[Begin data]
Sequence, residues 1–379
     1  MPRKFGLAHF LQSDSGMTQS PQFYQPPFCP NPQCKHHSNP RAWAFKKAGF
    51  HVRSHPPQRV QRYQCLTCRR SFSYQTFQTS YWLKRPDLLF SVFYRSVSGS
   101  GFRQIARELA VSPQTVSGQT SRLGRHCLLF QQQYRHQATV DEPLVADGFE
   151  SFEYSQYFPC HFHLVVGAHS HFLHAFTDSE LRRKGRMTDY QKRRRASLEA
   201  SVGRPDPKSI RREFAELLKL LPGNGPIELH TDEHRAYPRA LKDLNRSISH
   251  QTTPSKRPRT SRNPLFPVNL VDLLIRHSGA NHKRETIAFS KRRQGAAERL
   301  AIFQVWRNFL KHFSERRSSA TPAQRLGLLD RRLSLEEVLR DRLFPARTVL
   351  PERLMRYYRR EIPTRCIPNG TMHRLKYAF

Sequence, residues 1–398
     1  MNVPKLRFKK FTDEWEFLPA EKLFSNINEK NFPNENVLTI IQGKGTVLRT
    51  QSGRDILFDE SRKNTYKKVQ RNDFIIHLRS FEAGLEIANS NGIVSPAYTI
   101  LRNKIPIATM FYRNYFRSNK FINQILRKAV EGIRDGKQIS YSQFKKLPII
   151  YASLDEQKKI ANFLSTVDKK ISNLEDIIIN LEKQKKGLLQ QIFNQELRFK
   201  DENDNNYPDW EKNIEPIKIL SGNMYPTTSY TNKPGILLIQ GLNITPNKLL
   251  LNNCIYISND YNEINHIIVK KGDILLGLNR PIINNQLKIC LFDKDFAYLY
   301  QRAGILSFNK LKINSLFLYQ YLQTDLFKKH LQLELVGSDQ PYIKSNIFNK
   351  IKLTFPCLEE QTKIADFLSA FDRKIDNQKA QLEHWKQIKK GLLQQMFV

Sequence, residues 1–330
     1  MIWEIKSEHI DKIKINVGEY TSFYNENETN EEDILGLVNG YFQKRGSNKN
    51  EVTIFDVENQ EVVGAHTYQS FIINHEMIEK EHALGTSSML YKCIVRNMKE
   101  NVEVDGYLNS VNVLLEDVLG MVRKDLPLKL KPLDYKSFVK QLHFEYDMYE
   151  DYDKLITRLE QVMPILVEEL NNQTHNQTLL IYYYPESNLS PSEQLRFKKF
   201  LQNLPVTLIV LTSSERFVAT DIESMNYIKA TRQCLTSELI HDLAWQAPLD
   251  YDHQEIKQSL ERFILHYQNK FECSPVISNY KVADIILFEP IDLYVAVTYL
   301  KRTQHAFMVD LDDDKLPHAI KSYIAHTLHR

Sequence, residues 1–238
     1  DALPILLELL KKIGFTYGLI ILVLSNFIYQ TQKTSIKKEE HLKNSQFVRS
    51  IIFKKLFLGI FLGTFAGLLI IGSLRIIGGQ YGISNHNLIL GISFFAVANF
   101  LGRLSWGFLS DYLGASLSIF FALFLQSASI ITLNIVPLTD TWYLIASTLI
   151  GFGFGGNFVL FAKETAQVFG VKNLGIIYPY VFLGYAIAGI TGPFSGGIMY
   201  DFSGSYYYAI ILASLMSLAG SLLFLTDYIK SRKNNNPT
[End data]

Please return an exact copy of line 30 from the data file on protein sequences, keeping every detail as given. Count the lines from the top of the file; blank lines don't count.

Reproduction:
   101  LGRLSWGFLS DYLGASLSIF FALFLQSASI ITLNIVPLTD TWYLIASTLI